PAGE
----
The rapid decline in fertility we are currently witnessing is predicted to result in most couples needing to resort to assisted reproduction by 2045. The steep drop in sperm levels alone is predicted to result in a median sperm count of zero by 2045 unless there is a change in this downward trajectory. This is only twenty four years in the future. What is the cause of this exponential decline in fertility? According to Professor Shanna Swann and other researchers in this field, exposure to hormone disrupting chemicals in our food and environment is the number one driver of this alarming health trend, predominantly due to exposure to the chemicals found in plastics, flame retardants, cosmetics, fragrances and pesticides.
While these chemicals have a major effect on fertility, they are also primary drivers for many other reproductive health conditions that I frequently see in my clinic, such as heavy, painful menstruation, endometriosis, fibroids, repeated miscarriages, lowered libido and stamina and hormonally driven cancers. Reproductive function is one key marker of our overall well being, so while a lowered fertility rate may be beneficial in terms of planetary overpopulation, it is still a huge concern in terms of reflecting an overall deterioration in health and the resulting health burden this places on our societies.
So how do we decrease our exposure to these toxic chemicals, and why are they in our food and environments anyway? This is after all not a new issue - awareness of the impact of such chemicals was first noted in the 1970's when fishermen noticed the sexual and behavioural changes in fish found in a lake contaminated with industrial waste from a nearby factory. The fish exhibited showed signs of profound hormonal imbalances including having both male and female genitalia, previously male fish changing physiologically to have functioning female reproductive systems and male fish exhibiting female behaviour traits. The health implications of these studies were described in 1997 in the excellent book Feminisation of Nature by Deborah Cadbury.
However, since that time little has been done to restrict the use of these harmful chemicals. There have been some changes in terms of specific chemicals such as bisphenol A (BPA) and phthalates from soft plastics, however these have often been substituted for other chemicals that are still unproven in terms of safety. Disruptive chemicals in pesticides are still allowed to be used in New Zealand and in many countries that we source food from.
How to avoid endocrine disrupting chemicals
There are important ways that we can reduce our exposure to these pervasive chemicals and shift these current trends. We can also support our body to detoxify and eliminate these chemicals and shift the way we metabolise them to make them less harmful to our body. This is a big aspect of holistic health care that I support my clients with, particularly when focusing on preconception and fertility, menstrual concerns and general toxicity issues. Exposure to these chemicals in utero through the mother can cause the most damage as the developing baby is particularly sensitive to these chemicals, so taking special care to reduce exposure before and after conception is hugely important for our children's health, as well as supporting detoxification of existing body stores of these chemicals in the mother and father prior to conception.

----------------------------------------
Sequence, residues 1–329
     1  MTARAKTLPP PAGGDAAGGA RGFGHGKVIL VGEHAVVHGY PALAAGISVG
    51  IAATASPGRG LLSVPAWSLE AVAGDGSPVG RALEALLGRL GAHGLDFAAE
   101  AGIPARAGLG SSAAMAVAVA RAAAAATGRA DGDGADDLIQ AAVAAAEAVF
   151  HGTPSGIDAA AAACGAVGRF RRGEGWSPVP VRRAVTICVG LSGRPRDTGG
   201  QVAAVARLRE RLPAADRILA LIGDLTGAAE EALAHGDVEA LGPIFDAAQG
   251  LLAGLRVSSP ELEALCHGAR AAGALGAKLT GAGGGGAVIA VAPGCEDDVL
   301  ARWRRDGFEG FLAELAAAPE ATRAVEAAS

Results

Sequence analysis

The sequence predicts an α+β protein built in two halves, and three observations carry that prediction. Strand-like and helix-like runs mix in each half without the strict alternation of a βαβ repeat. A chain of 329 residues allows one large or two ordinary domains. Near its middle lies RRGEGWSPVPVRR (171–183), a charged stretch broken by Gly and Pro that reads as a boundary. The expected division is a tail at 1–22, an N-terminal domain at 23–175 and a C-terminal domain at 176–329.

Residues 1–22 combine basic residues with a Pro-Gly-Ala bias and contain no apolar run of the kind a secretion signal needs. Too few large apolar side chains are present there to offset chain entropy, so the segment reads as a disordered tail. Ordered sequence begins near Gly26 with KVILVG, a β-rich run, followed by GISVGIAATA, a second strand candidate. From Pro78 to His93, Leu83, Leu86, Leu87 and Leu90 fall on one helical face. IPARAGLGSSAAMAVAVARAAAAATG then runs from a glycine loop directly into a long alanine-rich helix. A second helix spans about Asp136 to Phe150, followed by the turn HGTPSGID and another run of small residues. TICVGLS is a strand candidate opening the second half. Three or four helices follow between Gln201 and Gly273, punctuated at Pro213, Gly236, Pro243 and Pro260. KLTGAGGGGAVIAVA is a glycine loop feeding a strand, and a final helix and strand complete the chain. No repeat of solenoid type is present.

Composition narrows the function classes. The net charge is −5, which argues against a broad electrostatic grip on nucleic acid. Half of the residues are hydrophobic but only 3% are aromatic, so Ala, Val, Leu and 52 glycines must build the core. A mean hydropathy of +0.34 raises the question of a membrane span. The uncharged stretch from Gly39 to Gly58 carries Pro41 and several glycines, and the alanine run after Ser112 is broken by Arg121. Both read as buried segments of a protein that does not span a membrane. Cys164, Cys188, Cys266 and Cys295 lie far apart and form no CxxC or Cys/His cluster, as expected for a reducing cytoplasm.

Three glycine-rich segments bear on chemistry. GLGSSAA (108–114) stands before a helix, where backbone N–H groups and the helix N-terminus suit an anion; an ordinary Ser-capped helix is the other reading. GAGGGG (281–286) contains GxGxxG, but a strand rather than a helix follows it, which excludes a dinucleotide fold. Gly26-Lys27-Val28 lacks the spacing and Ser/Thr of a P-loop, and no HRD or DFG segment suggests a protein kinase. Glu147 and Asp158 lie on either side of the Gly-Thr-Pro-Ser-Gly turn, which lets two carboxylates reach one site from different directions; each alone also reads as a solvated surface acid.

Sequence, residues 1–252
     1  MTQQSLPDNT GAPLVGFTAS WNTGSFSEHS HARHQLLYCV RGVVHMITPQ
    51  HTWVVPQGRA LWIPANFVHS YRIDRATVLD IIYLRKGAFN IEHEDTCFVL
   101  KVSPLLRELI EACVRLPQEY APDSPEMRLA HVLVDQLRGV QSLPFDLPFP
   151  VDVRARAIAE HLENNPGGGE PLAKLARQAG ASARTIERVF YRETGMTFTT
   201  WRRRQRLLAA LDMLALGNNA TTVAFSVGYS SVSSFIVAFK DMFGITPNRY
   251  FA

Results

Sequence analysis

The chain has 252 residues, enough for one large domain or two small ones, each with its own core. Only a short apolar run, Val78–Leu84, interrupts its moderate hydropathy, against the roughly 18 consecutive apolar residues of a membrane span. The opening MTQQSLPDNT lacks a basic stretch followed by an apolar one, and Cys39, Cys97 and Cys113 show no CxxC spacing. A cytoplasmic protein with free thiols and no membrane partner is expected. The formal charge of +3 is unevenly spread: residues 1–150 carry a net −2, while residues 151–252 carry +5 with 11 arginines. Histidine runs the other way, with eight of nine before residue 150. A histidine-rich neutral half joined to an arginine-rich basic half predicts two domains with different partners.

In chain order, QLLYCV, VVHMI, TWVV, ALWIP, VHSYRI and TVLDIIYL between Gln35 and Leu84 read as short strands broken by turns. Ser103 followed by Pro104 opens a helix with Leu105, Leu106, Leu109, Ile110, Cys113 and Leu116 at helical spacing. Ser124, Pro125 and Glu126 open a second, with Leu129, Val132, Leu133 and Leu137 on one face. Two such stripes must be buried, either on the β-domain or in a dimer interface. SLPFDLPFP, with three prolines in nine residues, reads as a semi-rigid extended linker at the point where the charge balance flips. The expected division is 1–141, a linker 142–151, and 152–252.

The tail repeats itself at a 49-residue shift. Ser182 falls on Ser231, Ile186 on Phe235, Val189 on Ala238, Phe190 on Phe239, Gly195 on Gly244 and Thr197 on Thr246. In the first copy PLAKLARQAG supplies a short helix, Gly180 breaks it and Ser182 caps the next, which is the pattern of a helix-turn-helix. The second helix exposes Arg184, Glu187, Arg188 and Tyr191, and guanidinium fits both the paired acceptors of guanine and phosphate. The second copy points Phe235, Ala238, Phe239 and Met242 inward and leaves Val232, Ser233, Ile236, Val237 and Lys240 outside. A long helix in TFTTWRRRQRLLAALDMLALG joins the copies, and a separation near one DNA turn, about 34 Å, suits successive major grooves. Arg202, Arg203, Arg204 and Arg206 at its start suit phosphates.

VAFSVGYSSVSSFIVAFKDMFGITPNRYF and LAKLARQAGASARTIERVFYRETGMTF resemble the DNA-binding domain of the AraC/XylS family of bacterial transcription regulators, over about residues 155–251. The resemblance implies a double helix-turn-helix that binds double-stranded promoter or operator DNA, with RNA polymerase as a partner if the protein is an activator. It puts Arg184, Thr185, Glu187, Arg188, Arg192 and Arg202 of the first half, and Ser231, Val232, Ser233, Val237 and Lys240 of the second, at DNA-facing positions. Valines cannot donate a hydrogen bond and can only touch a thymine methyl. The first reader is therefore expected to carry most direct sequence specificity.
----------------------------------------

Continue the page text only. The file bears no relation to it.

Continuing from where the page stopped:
Reduce your exposure to these endocrine disrupting chemicals in the following ways:
A natural approach to lowering chemical burden
Alongside minimising exposure, supporting our ability to deal with exposure to these and other chemicals is an important aspect of natural healthcare, as these chemicals impact not only on fertility but can also drive a number of chronic health complaints.
Optimising daily detoxification and enhancing healthy gut function are some of the key considerations that can support our ability to deal with endocrine disrupting chemicals. There are many ways we can enhance these vital body functions naturally. Healthy gut bacteria have the capacity to detoxify and prevent tissue damage from many toxins that we are exposed to in our food and environment. Feeding our gut bacteria with good amounts of fibre rich plant food increases levels of beneficial bacteria. Eating plant foods with minimal washing straight from the garden is a great way to introduce beneficial bacteria into the gut, as is eating unpasteurised fermented foods such as sauerkraut, miso, kombucha and yoghurt. Increasing our digestive fire is an important part of our first line of defense in the gut, killing off detrimental bacteria and cultivating our beneficial lactic acid loving bacteria.
We can also support the detoxification of synthetic hormone disruptors through the liver by emphasising particular foods in the diet such as the brassica family vegetables including broccoli, broccoli sprouts, Brussels sprouts, kale and rocket. These vegetables all contain specific constituents that aid the detoxification of these chemicals and can shift our metabolism of them down less hazardous pathways in the body. Including this family of vegetables regularly in the diet can offer significant support for reducing the impact of chemical hormonal disruptors.
There are many ways to reduce our exposure to and the impact of these damaging chemicals by adopting a natural approach. In this way, we can reverse the current decline in fertility and optimise our well being.
ThetaHealer, Naturopath, Ayurvedic Practitioner, Wholefood Cook and Mother.